HONG KONG (Reuters) - Hong Kong is canvassing public opinion over a real-name registration system for mobile phone SIM cards, in a bid to fight crime in the Chinese-ruled city, it said on Friday, a move that is likely to stoke concerns over privacy.
Many countries have such registration systems, but some people in Hong Kong fear such a change could assist a crackdown on dissent that began with Beijing's imposition of a sweeping national security law last year.
Currently only mobile users on SIM service contracts must register actual personal details in Hong Kong, though anyone can buy a pre-paid SIM card from most convenience stores.
The rule aims to keep criminals from concealing their identities and put a stop to a "common tool used...in committing serious and violent crimes that threaten public safety," the government said in a statement.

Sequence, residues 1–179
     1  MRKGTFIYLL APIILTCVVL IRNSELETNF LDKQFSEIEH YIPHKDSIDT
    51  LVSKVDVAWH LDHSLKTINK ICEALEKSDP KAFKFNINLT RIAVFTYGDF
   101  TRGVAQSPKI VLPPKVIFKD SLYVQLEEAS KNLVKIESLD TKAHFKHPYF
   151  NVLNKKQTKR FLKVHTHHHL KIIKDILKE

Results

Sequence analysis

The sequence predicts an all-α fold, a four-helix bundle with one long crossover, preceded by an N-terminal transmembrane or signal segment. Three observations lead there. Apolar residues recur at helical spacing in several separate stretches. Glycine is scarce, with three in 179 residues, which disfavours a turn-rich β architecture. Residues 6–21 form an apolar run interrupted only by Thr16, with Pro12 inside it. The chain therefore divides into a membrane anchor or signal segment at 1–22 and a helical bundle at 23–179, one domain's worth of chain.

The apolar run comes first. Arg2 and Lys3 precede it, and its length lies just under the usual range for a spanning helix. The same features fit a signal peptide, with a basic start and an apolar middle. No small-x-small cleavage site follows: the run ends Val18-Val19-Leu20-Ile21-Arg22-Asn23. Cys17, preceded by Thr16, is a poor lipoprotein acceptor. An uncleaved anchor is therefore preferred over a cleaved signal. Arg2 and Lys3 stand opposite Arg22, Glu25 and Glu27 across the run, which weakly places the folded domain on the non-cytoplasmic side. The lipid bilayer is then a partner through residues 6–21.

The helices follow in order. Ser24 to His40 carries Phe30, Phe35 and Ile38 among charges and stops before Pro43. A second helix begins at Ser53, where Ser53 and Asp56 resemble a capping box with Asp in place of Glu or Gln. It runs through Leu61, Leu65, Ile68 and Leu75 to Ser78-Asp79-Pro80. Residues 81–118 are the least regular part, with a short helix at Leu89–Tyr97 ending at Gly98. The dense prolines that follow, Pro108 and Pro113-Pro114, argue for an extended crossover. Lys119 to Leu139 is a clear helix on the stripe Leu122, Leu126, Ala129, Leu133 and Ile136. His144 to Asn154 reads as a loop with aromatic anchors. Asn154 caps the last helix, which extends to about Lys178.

It has set a Feb. 28 deadline for comment on the proposed compulsory registration, which would require users to furnish full names and an identity document.
In recent months, China has bolstered its security apparatus in the former British colony, creating a security agency with broad powers beyond the scrutiny of the courts.
The tighter measures come despite the promise of a high degree of autonomy from Beijing when Hong Kong returned to Chinese rule in 1997.
Hong Kong has one of Asia's highest smartphone penetration rates, at almost 80% of its population of 7.5 million. Its only regional peers are other developed economies, such as Singapore and South Korea.
In 2019, Hong Kong had about 14.5 million pre-paid SIM card subscribers, an increase of 16.6% on the year, says German database firm Statista.
(Reporting by Jessie Pang; Writing by Anne Marie Roantree; Editing by Clarence Fernandez)